Today is my first day as chief executive of Refugee Action.
Britain once had a proud tradition of welcoming and supporting those forced to flee repression, torture, and other human rights abuses. There’s precious little left of it today. I am incredibly excited to be joining the caseworkers, campaigners, lawyers and an army of volunteer supporters and activists who are in the front line of supporting refugees and the struggle to restore justice and compassion to our asylum system. Every asylum seeker and refugee in the UK deserves fair treatment, and support to rebuild their lives.
I know that Britain is still capable of showing compassion and generosity. For the past five years, I managed Oxfam’s global campaigns. I saw how in the face of the global recession, many countries cut their overseas aid budgets. One country did the opposite; the UK and the coalition government led by David Cameron. The delivery of their pledge to invest 0.7 per cent of our GDP in aid has saved millions of lives and given many more the chance to live in security and dignity.
Yet our government does not show this same compassion to those who flee persecution in these countries and come to Britain. It’s virtually impossible to arrive legally in the UK seeking refuge. Once you’re here your future is determined by a system that gets at least a quarter of its initial decisions wrong. You can be detained indefinitely by the state in a prison-like environment, causing you greater physical and mental harm.
The Refugee Action team works with many of the people who are failed by this system, in Birmingham, Bristol, Manchester and elsewhere. These are challenging times for all charities working to support refugees and asylum seekers. Asylum seekers are increasingly at the whim of a system in which private sector companies determine where they live, often putting profit before people, and the Home Office processes cases in a profoundly unfair way.
We work with people like Hassan from Syria, who received poor legal advice and was threatened with eviction and his support removed while his teenaged son was undergoing chemotherapy for cancer. We work with Fortune from Nigeria, who was mutilated by traditional practices as a small child and feared returning with her two infant children. The family spent months sleeping on sofas or floors in the houses of acquaintances – one night forced to sleep in a police station, with nowhere else to go and lacking understanding of her right to support and protection.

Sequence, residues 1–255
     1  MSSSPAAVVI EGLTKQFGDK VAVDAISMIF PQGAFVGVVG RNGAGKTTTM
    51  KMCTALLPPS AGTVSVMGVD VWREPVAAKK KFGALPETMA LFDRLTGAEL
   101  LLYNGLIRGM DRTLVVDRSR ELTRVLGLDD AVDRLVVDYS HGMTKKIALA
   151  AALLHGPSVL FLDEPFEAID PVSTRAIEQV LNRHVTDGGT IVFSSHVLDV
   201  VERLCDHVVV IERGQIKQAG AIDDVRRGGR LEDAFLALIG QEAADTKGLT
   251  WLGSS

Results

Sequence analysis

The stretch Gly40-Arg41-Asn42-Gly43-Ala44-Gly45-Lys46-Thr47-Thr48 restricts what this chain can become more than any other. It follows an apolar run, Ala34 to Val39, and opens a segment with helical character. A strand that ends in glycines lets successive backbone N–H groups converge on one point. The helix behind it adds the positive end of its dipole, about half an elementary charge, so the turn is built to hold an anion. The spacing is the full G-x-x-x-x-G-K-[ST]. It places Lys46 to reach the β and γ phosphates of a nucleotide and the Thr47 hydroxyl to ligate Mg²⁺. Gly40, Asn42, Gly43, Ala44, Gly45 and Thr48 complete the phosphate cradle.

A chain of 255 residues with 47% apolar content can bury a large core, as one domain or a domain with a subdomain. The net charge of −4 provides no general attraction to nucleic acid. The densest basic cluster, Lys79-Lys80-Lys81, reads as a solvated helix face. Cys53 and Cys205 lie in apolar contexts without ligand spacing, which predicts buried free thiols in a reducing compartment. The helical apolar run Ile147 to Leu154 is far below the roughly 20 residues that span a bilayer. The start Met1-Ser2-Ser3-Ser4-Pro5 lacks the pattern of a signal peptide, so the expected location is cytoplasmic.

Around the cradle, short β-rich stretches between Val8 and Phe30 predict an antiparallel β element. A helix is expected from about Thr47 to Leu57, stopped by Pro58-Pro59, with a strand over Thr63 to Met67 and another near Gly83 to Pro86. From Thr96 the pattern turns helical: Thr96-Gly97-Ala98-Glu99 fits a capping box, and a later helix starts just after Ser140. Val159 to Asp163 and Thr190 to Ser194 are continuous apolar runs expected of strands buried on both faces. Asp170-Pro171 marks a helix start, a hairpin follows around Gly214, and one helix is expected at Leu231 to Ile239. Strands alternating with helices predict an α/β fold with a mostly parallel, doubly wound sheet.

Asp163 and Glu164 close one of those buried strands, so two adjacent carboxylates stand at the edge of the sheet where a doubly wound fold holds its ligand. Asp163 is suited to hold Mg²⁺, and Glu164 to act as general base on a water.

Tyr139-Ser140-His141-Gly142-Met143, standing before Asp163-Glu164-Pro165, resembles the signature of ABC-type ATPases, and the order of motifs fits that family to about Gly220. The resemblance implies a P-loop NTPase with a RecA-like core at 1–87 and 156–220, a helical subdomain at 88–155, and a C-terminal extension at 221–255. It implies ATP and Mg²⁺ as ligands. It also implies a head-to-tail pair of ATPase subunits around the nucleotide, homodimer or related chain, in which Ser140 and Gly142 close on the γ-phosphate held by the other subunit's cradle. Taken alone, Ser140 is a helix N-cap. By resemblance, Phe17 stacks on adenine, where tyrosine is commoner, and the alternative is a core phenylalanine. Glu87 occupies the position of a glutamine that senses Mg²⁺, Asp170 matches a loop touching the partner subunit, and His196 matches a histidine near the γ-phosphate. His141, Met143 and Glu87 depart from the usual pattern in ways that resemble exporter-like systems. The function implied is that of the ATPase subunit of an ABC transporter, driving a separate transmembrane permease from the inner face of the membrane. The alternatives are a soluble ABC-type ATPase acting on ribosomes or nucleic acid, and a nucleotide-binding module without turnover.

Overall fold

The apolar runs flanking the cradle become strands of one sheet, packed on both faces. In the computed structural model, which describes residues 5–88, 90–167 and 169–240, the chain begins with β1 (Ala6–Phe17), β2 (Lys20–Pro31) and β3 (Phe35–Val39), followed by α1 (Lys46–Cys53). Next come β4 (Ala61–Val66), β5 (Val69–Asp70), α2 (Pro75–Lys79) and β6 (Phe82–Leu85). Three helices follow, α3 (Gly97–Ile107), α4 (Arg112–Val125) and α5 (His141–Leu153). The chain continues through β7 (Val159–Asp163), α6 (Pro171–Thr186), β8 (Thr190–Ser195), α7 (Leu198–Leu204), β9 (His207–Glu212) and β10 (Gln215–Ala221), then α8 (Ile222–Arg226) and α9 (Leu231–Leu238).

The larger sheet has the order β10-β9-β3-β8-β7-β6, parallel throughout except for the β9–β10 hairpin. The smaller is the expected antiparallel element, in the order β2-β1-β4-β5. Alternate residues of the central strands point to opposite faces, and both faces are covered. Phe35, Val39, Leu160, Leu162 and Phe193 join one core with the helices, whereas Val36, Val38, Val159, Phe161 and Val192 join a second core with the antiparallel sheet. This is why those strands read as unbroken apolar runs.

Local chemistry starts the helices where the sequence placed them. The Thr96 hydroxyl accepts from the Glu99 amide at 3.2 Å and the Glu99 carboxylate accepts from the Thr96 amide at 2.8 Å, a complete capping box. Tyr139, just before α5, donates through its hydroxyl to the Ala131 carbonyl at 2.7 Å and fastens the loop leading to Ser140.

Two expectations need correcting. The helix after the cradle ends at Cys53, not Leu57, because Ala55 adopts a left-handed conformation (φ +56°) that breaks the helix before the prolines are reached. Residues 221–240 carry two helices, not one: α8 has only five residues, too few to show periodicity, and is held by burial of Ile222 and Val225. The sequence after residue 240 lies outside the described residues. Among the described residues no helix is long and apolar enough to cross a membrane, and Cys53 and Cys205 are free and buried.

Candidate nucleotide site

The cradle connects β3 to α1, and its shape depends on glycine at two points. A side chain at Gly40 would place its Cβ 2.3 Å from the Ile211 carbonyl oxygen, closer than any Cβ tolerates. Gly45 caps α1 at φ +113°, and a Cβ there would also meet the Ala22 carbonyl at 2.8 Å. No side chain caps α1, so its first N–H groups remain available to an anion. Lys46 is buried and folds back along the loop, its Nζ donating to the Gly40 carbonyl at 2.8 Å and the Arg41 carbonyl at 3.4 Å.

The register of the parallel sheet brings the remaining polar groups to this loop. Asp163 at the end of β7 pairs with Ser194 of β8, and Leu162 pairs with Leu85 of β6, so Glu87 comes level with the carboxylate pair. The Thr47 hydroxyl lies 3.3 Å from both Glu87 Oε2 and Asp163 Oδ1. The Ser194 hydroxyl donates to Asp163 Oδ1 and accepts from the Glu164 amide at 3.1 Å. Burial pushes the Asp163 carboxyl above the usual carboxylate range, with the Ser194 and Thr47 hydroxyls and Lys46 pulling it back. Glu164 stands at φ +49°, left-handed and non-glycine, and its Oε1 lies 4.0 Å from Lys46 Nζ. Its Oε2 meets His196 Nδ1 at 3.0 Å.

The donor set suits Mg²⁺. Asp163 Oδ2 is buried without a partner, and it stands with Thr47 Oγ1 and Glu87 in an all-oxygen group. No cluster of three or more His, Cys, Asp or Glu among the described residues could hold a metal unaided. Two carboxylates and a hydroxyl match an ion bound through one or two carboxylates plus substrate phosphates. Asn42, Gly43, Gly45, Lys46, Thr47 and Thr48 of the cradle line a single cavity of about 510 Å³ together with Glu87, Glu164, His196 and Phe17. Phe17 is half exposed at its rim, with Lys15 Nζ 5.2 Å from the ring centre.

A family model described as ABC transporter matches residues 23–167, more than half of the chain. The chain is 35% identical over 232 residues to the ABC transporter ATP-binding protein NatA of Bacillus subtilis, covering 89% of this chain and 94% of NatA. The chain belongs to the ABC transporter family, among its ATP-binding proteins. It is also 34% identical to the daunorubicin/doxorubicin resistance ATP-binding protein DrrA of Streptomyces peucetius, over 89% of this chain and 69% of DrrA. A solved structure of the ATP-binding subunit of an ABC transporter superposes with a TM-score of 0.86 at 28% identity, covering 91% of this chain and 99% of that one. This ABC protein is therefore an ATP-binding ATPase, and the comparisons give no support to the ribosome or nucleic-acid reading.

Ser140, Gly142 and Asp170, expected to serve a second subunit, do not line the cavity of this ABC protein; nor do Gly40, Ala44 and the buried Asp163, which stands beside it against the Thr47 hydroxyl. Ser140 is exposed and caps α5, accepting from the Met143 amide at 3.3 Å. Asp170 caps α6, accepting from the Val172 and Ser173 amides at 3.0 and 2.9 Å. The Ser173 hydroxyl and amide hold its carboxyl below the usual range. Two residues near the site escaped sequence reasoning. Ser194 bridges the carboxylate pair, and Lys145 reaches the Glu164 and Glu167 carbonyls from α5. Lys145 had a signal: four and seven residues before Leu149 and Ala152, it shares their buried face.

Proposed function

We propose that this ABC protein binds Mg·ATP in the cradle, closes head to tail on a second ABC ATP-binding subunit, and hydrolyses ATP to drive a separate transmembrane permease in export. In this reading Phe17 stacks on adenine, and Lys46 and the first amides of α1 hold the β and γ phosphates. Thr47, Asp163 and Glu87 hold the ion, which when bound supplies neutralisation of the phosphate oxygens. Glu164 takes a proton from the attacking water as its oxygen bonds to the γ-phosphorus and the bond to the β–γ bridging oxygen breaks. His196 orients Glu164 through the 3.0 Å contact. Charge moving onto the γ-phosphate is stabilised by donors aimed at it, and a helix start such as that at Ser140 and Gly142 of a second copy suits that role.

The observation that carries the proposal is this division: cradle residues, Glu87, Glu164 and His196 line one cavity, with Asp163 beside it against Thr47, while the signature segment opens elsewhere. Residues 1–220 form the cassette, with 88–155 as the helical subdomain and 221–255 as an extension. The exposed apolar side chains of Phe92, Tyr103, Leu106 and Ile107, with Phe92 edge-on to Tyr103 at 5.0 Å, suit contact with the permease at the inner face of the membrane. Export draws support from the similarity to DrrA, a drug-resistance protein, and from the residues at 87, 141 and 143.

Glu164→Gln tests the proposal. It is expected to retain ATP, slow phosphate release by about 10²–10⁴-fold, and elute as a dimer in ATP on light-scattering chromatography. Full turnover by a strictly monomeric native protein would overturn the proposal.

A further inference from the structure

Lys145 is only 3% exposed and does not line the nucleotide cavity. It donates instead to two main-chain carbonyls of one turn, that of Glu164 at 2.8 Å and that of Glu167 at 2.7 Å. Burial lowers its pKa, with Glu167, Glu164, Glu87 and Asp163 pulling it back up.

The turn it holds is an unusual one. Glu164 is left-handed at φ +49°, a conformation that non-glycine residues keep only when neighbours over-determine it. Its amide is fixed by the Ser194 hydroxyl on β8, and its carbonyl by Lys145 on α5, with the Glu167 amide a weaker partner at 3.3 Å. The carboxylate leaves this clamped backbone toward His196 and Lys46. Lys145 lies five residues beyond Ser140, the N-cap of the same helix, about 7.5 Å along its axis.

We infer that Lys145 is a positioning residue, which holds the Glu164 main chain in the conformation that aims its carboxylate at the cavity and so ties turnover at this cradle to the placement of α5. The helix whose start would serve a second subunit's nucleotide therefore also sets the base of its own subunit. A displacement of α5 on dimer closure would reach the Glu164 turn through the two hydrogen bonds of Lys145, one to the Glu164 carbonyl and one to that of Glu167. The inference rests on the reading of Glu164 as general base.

Over the coming weeks, I’ll be travelling around the country to meet people like Hassan and Fortune and to see for myself some of the amazing work that our staff and volunteers are doing to support them. I hope to meet as many of our partners and allies as I can. I want to understand the most pressing needs of asylum seekers and refugees today, and who we can work with to support them in practical ways and to improve the unfair system so many of them are trapped in. I want to meet the campaigners on detention, the lawyers and the faith leaders who are doing so much to defend the rights of those seeking fairness and justice in our asylum system.
One critical issue for all of us in the sector is to find ways to tackle the synergies and tensions between support to asylum seekers and refugees, and other types of migrants to the UK. Migration continues to bring huge cultural and economic benefits to the UK. Migrants and asylum seekers have all been affected by the mis-management of the anxiety felt by some communities about some impacts of immigration.
The next few months will doubtless see some of our political leaders sew confusion and fear on both asylum and immigration. Throughout it, we will continue to provide the best support we can to all those we serve and to highlight the critical issues that must be addressed in the next Parliament. When the dust settles, we’ll be making the case for an asylum and refugee system that recognises and respects the rights of those who pass through it. Together, we can give support and a voice to those who need it most.
Britain’s approach to asylum seekers and refugees is a litmus test of our humanity and compassion. It’s time to rebuild.
Follow Stephen on Twitter @SHaleGeneva.